That’s the gospel we preach here at New River Communications – at least a few books of it.

         All excellent advice, too, (though judging from many letters and emails we see being sent out by non-profits large and small, it’s advice not always taken.)

         But sometimes we and other like-minded agencies make it sound too simple…

         You could come away thinking, “Awesome! Just write a letter that breaks every rule of grammar I’ve learned since fourth grade, insert “You” in every other sentence, and tell a couple of stories about our work, and ‘BAM, PRESTO,’ the money will come pouring in!”

         Unfortunately, it isn’t that simple.

         Close, but not quite. The part about breaking your English teacher’s grammar rules (and heart) and sprinkling more “Yous” throughout the copy is right on, but getting the storytelling part right requires more thought.   

         A recent post by Jeff Molander got me thinking about that. He writes:

The biggest beef I have with most of today’s content marketing experts is this: In the end, they claim it’s all about a good story when it’s not. You can tell the most honest, interesting, moving story possible and never get the customer to pick up the phone, send an email, make an appointment with you, click to fill out a lead form… take an action. And that’s just a waste of a good story!

         Jeff’s talking about the use of stories for sales in the commercial world, but I believe much of what he says also applies to us good people working in non-profits. Jeff doesn’t hate a good story, he just thinks it’s not enough – and I think he’s right.

         When you tell a story about your work, are you connecting it back to your donors with the most powerful offer/request for support possible? Are you moving their hearts and then making it easy for them to join in and help?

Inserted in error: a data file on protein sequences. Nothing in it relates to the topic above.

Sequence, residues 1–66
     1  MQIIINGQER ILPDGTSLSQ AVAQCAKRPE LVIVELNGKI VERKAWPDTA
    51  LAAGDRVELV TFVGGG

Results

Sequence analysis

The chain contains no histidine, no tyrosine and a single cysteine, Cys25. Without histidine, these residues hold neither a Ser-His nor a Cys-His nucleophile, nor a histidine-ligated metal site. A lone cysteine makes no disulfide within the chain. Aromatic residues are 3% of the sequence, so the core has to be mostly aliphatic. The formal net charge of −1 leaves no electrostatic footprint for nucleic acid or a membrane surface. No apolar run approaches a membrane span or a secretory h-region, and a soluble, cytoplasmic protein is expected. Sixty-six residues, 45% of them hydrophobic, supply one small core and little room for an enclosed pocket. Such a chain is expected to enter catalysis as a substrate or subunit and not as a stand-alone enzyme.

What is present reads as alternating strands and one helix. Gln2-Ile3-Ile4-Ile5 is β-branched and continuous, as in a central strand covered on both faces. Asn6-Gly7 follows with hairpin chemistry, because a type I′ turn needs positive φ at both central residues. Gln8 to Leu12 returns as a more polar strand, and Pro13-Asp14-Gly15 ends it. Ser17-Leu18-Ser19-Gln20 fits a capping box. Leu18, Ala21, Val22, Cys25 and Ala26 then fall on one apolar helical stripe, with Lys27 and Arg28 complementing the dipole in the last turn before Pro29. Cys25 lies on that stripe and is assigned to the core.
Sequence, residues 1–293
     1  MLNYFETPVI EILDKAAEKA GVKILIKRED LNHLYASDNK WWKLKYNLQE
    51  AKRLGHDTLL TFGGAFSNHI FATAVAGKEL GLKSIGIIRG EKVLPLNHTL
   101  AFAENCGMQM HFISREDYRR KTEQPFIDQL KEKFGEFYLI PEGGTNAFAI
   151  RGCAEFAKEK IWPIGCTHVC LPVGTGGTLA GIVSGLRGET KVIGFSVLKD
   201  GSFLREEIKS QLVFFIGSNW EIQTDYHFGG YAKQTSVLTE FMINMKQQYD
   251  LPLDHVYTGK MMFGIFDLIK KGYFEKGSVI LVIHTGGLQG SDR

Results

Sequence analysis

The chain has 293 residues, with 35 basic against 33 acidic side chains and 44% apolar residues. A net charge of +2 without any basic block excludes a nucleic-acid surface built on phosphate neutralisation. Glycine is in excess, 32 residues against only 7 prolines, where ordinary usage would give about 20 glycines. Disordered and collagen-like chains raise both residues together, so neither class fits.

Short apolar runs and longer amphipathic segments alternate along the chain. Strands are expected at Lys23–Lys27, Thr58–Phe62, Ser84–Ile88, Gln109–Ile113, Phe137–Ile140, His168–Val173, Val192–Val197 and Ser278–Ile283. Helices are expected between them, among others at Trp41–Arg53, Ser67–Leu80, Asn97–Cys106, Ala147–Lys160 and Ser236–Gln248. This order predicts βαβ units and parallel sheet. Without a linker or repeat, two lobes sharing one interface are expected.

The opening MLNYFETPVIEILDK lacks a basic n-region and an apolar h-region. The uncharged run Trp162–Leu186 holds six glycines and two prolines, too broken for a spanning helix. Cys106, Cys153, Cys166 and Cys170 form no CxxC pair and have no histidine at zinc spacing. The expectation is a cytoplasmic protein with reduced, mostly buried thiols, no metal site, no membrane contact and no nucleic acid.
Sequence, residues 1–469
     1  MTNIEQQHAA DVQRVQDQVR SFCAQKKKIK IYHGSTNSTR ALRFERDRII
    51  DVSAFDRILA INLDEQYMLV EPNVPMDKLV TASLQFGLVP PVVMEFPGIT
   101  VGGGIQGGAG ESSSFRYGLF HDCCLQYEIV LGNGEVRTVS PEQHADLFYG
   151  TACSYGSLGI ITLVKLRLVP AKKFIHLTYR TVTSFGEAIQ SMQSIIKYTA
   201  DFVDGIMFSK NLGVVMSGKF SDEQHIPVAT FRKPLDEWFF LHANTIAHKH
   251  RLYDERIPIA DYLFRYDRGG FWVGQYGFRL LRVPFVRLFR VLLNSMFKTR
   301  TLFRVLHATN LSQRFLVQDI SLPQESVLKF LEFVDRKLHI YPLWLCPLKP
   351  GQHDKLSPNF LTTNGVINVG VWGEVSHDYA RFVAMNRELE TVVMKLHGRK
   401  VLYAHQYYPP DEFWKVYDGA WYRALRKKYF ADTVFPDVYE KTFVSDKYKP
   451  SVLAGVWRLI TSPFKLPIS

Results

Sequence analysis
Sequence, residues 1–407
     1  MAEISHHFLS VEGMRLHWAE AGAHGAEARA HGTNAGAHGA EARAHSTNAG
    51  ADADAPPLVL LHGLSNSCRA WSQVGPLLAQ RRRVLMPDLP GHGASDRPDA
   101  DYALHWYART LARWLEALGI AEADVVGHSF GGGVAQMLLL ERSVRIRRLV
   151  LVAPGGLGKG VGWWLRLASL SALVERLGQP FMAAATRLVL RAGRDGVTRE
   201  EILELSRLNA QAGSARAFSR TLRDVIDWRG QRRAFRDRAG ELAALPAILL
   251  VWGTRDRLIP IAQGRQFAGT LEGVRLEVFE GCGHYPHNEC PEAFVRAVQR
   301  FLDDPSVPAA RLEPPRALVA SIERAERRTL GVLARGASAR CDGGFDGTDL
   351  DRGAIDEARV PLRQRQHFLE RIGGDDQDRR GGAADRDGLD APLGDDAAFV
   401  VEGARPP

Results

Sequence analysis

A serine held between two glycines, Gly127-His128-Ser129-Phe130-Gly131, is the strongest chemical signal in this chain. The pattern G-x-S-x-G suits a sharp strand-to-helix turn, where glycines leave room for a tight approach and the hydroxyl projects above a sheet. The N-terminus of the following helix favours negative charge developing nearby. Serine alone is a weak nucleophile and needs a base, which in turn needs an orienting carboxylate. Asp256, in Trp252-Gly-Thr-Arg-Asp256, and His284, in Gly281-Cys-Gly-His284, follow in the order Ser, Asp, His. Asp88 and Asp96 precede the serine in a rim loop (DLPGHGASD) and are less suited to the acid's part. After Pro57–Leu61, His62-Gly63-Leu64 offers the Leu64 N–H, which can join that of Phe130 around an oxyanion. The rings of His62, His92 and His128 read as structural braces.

If your story/offer doesn’t compel a donor to take action and make it easy for them to do so, if it doesn’t draw them closer to your work and make them proud to be associated with you, if it doesn’t motivate them to think, “I love this organization. I want to do more to help – and I will!” you have to ask yourself,

         “Can I do better?”

Katapult MarketingYour Great Story Isn’t Enough
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One essential you need to get right

        Non-profit executive directors and development directors often ask me: “How can we use direct mail without being overwhelmed by complex strategies, production issues, postal regulations and other things I just don’t have the staff or time for?”

        These leaders at small to medium size organizations get it. They recognize that…  

(a) A significant portion of the U.S. population are charitable and willing to support causes they believe in.

(b) Even though social media is all the rage, the vast majority of donors use direct mail to make their donations. (Many love to research organizations like yours online, but they do their actual giving the old way – at least 90% of it anyway!)

        So from summer on, I answer their question like this: “Make sure you send out a year-end appeal to all your donors.” Even if it’s a low-key request for help, getting something into the hands of your supporters in the thick of the charitable giving season is essential –